Had your baby and ready to return to work? No job to return to? You might be just one of the many women facing ‘sham’ restructures and redundancies in the workplace, says Alison Dutton, Principal Solicitor of
Many clients come to me with employment matters concerning redundancies that have occurred during the period of parental leave, or immediately upon contacting the employer to confirm a return to work date.
While the act of making a position redundant is not unlawful in itself, the particular circumstances, selection of employees and consultation process around the decision to terminate needs to be carefully examined. The employee who has taken a period of parental leave is often (conspicuously) the only worker to be made redundant at this time.
The recent Federal Circuit Court decision of Heraud v Roy Morgan Research Ltd has drawn much needed attention to the vast numbers of women being made redundant during parental leave. While each situation is understandably factually different, common elements of ‘sham’ redundancies include: a failure by the employer to consult with employees on parental leave, retention of the parental leave replacement employee who is initially employed on a fixed term contract (and then is subsequently employed on a permanent basis), the amendment of the substantive or pre-parental leave position to include marginally different requirements, and may include a semantic amendment to the job title of the substantive position.
The employer may also fail to offer the affected worker redeployment to alternate suitable positions, even if these positions are lower in status and remuneration. In many situations, it may be preferable for an employee to be redeployed to a lower level position in order to maintain continuity of employment, rather than be terminated and be forced to seek employment elsewhere.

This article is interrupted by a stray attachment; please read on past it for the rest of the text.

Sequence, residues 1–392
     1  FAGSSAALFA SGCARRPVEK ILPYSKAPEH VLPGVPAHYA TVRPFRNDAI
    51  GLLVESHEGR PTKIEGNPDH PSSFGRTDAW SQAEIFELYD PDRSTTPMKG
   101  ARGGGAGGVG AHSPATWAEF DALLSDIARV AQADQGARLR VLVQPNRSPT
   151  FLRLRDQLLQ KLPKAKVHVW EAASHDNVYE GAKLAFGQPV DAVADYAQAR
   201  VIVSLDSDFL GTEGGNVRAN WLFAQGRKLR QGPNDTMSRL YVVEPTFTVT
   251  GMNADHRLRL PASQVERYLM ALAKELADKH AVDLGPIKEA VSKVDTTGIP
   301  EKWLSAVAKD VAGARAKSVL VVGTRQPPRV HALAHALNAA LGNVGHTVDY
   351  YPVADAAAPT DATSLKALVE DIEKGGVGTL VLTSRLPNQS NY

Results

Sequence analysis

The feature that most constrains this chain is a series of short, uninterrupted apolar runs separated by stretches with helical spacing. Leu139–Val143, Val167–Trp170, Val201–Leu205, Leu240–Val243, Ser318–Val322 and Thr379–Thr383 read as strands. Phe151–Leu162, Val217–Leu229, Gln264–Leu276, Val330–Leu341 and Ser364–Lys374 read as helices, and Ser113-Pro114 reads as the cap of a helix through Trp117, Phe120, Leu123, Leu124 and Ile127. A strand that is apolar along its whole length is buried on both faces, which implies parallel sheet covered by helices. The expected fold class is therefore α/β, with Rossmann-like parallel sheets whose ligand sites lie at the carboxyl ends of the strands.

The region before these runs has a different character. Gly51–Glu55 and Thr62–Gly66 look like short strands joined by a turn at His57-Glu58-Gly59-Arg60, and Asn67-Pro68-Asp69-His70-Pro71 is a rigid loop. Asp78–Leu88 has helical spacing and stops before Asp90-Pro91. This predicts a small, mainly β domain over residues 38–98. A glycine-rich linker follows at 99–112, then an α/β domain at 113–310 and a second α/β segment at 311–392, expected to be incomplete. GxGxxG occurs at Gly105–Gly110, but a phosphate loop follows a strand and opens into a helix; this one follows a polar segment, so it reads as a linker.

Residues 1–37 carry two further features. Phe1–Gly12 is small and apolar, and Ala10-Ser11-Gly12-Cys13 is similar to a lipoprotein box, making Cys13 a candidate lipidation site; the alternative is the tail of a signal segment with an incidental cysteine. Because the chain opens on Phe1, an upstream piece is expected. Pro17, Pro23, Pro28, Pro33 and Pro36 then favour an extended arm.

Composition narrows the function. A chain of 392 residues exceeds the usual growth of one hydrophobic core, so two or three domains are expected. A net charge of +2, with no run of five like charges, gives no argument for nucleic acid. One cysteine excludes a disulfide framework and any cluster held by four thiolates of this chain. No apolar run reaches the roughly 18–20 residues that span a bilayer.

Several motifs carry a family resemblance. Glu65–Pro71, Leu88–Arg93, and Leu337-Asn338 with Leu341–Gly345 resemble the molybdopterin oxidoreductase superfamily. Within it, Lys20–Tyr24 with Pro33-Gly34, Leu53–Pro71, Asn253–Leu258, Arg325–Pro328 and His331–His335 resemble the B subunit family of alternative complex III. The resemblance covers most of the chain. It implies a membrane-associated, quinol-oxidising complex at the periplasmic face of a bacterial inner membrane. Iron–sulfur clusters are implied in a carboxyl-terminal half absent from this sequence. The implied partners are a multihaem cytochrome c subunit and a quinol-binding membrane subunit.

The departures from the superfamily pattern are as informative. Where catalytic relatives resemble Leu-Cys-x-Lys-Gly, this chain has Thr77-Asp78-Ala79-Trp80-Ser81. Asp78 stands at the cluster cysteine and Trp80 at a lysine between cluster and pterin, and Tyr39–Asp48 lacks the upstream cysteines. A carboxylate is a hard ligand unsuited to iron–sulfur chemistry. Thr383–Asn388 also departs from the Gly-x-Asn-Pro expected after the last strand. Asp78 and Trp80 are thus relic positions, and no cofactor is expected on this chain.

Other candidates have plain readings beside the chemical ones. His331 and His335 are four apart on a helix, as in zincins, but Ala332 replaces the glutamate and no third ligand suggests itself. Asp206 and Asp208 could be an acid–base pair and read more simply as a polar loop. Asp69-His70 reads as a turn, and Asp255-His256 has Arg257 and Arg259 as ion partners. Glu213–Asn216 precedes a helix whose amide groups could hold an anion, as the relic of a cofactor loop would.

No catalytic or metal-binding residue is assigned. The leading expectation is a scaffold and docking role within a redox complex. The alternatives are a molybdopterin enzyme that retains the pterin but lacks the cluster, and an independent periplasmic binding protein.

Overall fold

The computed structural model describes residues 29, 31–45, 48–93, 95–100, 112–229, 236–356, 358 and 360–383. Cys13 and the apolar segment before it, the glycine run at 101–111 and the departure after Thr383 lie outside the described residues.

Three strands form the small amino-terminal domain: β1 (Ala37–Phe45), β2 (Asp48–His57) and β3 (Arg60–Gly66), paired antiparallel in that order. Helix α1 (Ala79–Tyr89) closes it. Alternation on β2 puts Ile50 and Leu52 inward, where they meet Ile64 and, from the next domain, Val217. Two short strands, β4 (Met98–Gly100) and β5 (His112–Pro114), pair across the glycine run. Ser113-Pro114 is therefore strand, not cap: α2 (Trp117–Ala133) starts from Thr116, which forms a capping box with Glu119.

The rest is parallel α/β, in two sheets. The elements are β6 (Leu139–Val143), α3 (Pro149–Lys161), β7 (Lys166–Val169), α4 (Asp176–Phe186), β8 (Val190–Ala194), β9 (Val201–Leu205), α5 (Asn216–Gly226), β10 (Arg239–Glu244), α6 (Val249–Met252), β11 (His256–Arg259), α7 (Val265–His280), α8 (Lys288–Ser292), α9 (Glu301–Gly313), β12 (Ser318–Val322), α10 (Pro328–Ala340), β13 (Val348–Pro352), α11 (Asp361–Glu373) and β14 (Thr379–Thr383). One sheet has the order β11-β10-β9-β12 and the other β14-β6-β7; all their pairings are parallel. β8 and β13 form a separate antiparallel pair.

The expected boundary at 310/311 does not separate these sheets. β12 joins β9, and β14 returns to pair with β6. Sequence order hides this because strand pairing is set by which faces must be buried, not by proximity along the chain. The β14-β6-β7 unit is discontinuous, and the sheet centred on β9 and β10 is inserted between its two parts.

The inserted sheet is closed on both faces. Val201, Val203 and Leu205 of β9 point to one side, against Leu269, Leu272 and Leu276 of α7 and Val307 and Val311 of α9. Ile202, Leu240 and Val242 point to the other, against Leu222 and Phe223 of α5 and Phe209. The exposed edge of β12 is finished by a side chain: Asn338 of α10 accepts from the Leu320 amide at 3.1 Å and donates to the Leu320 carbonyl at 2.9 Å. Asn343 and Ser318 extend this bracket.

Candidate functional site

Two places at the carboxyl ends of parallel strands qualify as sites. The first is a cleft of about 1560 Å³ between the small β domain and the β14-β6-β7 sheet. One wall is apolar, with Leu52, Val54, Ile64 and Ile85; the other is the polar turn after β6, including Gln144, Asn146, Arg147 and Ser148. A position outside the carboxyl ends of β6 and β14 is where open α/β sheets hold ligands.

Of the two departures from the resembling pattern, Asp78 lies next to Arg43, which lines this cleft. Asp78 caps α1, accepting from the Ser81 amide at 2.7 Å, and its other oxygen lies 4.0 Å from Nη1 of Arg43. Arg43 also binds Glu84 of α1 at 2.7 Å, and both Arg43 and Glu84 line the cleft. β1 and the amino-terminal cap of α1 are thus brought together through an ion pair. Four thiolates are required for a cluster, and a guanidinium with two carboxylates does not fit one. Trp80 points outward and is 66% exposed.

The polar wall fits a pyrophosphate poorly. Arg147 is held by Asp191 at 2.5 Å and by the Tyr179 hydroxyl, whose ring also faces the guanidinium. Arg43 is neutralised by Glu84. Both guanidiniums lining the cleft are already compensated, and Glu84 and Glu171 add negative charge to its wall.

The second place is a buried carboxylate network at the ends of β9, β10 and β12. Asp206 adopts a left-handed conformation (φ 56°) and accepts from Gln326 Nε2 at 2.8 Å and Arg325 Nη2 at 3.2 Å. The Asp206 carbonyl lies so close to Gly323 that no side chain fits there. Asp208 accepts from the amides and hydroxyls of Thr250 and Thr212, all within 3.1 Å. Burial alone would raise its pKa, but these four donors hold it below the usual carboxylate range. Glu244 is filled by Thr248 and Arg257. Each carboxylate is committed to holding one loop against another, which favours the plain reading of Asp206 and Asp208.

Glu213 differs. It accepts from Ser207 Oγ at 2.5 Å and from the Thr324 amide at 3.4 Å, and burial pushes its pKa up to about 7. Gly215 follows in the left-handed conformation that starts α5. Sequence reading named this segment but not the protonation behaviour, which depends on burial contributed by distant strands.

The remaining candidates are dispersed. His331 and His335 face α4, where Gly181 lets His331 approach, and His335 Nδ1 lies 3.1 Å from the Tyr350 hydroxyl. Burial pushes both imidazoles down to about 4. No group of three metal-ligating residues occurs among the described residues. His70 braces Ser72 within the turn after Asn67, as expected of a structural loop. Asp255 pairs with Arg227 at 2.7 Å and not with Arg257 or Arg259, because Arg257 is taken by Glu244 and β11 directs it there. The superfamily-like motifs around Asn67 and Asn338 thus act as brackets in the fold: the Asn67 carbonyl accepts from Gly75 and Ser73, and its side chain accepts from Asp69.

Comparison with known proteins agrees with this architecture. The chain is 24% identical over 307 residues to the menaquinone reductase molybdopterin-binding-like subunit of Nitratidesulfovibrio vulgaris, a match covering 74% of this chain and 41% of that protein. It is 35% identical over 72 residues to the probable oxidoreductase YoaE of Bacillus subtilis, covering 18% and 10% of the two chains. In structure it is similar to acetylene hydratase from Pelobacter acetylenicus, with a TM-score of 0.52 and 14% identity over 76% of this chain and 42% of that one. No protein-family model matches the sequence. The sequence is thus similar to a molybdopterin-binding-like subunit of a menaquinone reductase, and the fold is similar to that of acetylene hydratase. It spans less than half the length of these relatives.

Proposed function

An employer should also offer the affected employee the opportunity to apply for higher-level positions if the employee is suitably qualified and experienced. In many cases, the parental leave contractual replacement is promoted to a position above the employee who is returning from parental leave, and the returning employee is now required to report to the parental leave replacement who has now become their manager.
Such elements as these may be regarded as ‘adverse action’, or actions taken against an employee for a prohibited reason, such as pregnancy, exercising a workplace right such as taking a period of parental leave, making a flexible working request and/or having family responsibilities. Employees on parental leave are especially vulnerable to restructures as often when not physically present in the workplace, the employer will (conveniently) ‘forget’ to inform and/or consult with the employee. There is also a tendency amongst some employers to favour, retain and promote, the parental leave replacement employee over the returning employee.
If you feel that you have been unfairly selected for a redundancy, that a restructure has been manufactured in order to terminate your employment, or if your employer has failed to consult with you or offer suitable redeployment, you may be eligible to make a general protections claim with the Fair Work Commission. Check out the Fair Work Commission’s website at www.fwc.gov.au or contact Labour Pains Legal: Employment Law Specialists for a free, untimed and no-obligation consultation about your situation.
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